Measurable (formerly minimal) residual disease, or MRD, refers to low levels of leukemia that cannot be detected by morphologic assessment alone. While not a new concept in the management of patients with leukemias, MRD testing in the management of acute myeloid leukemia (AML) has recently gained increased attention among disease-state experts. In a large-cohort meta-analysis conducted by Nicholas J. Short, MD, et al, and published in JAMA Oncology, achievement of MRD negativity was associated with superior disease-free survival (DFS) and overall survival (OS) in patients with AML.
Dr Short and colleagues evaluated the role of MRD through various methods and reported significant differences in DFS and OS on the basis of MRD positivity vs negativity. Their analysis showed that estimated 5-year DFS was 64% for MRD-negative and 25% for MRD-positive patients; estimated OS was 68% for MRD-negative and 34% for MRD-positive patients. The difference in 5-year restricted mean survival time for MRD-negative and MRD-positive groups was 15.37 months for OS and 19.61 months for DFS. The association between MRD and survival was observed across ages, disease subtypes, time of assessment, specimen source, and most MRD detection methods. (The MRD association using cytogenetics/fluorescence in situ hybridization [FISH] was not significant, but the authors suggested this may be explained in part by the fact that only 2 studies using that method were included in the analysis. Also, cytogenetics/FISH has the lowest sensitivity among the methods considered.)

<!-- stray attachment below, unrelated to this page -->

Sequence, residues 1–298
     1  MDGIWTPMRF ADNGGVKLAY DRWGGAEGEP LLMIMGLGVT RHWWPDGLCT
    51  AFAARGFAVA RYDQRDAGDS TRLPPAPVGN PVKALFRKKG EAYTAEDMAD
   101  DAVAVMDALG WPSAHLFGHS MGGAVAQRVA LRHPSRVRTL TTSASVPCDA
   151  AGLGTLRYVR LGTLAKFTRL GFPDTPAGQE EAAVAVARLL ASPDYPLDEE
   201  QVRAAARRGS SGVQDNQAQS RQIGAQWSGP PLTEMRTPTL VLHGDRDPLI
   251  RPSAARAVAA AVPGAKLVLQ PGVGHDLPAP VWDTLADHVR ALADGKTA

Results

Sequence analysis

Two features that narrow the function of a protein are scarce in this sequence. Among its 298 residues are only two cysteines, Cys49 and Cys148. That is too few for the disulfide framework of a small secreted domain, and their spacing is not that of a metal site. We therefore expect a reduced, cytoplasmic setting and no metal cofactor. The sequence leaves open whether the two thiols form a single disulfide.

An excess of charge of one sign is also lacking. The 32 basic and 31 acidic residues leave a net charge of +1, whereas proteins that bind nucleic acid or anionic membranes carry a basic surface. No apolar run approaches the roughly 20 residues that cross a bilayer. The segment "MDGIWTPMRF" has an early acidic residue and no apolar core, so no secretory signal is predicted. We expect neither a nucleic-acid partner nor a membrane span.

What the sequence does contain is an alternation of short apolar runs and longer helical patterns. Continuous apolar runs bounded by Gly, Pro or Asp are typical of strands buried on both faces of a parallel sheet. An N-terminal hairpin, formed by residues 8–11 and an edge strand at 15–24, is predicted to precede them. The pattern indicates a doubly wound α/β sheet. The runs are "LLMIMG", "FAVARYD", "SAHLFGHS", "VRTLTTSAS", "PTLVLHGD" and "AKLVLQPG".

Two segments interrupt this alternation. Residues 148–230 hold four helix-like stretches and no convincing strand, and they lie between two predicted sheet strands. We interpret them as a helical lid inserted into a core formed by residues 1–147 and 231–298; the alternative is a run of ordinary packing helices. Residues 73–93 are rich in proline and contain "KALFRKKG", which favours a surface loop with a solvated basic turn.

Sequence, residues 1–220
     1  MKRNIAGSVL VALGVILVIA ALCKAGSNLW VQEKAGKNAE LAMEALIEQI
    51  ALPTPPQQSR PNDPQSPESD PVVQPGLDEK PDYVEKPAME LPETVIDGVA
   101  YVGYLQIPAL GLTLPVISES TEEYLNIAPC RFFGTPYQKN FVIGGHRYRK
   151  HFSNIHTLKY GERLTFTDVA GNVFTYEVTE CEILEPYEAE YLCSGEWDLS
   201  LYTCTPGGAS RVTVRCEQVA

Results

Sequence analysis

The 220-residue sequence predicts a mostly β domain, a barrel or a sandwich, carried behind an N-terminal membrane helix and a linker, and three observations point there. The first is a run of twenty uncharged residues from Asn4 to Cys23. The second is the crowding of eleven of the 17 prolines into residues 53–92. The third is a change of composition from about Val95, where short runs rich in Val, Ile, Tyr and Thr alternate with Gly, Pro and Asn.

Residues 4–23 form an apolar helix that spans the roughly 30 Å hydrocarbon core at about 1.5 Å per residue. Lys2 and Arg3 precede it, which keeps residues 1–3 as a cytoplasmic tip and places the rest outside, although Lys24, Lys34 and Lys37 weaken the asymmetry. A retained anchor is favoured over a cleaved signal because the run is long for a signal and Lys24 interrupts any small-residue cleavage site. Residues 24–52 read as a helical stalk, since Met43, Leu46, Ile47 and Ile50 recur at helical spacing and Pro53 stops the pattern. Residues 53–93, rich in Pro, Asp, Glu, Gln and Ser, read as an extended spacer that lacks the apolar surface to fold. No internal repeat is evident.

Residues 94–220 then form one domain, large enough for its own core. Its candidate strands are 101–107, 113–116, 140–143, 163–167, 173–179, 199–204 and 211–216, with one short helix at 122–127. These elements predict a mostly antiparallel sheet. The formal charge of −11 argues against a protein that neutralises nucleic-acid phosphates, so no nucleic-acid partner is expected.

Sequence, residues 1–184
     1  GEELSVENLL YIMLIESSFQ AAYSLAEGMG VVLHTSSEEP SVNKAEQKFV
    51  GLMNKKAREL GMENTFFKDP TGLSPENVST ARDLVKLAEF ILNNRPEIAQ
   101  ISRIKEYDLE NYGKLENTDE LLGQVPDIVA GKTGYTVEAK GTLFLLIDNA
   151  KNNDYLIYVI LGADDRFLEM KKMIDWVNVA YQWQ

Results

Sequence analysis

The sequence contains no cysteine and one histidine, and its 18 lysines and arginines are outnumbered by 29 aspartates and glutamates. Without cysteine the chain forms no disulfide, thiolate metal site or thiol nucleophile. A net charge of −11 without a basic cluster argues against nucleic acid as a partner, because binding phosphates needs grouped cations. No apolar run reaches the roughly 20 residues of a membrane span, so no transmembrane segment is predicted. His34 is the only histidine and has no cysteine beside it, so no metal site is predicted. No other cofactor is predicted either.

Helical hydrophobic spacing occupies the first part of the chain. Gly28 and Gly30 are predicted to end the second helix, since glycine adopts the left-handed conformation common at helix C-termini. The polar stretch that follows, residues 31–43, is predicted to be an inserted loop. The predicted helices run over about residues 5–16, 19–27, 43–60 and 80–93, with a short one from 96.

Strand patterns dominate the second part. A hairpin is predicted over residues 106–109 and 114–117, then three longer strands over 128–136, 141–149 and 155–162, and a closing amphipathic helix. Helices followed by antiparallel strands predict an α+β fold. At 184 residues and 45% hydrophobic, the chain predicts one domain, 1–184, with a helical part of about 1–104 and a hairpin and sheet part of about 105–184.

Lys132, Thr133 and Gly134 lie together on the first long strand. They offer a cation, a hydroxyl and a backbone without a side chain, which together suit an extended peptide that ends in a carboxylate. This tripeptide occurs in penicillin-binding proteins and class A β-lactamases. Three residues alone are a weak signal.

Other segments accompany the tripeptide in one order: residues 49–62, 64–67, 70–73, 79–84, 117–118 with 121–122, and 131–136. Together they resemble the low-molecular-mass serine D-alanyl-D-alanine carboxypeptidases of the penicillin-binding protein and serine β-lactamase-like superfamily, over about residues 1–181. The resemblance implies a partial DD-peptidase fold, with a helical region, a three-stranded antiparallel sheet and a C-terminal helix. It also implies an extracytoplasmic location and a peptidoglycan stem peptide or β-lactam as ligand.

In an Invited Commentary to the JAMA Oncology publication, Dr Deepa Jeyakumar and Dr Susan O’Brien also discussed the growing role of MRD, pointing out that the current “3+7” approach to AML treatment has not changed in over 40 years, even though it cures only a minority of patients. Therefore, more-rapid development of therapies for AML is needed. In both articles, the authors concluded that MRD testing may be beneficial as a surrogate endpoint for clinical trials in AML to allow for more-rapid evaluation of the efficacy of novel therapies. However, Dr Short and colleagues also suggested that accelerated approval of a new therapeutic on the basis of an intermediate endpoint such as MRD would require eventual confirmation using traditional endpoints such as OS.
The magnitude of benefit of MRD negativity in DFS and OS was substantial. Therefore, achievement of MRD negativity is an important endpoint across clinical contexts, including the most relevant MRD detection methods currently used in clinical practice and research. Frequently used methods to assess MRD include multicolor flow cytometry, which is the most commonly used method in the US, as well as next-generation sequencing and polymerase chain reaction. These methods vary in their sensitivity and applicability to different patient populations, so the optimal MRD assay and timing of assessment should be guided by each specific clinical scenario.
The poor outcomes associated with MRD positivity emphasize the need for novel therapeutic approaches for these patients. Evidence suggests that MRD negativity may be an effective measure of treatment efficacy in AML in clinical trials to facilitate drug development and accelerated drug approval. Surrogate endpoints help to get effective therapies to patients in a timely manner while still confirming the benefit of those agents with an assessment of survival. As new agents are approved on the basis of this endpoint, there will be an increased need for incorporation of MRD testing into protocols for AML management.
In the original article, Dr Short and colleagues found that timing of MRD negativity is a consistent predictor of outcomes. These findings emphasize the need for incorporation of MRD analysis into AML patient care and provide additional, quantitative support for consensus guidelines to establish complete remission without MRD as the optimal response in AML. With regard to specimen source, Dr Short and colleagues reported that peripheral blood assessment of MRD better distinguished MRD-positive and MRD-negative groups compared with bone marrow assessment of MRD.
The results also underscore the need for new approaches to AML treatment, such as the use of hypomethylating agents for MRD-positive patients and novel therapies in patients unable to achieve MRD negativity with standard care.